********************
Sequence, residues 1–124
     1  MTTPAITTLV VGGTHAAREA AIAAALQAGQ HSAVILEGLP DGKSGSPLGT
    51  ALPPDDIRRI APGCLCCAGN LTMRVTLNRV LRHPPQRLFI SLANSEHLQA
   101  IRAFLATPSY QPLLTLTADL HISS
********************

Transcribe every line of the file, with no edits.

Sequence, residues 1–124
     1  MTTPAITTLV VGGTHAAREA AIAAALQAGQ HSAVILEGLP DGKSGSPLGT
    51  ALPPDDIRRI APGCLCCAGN LTMRVTLNRV LRHPPQRLFI SLANSEHLQA
   101  IRAFLATPSY QPLLTLTADL HISS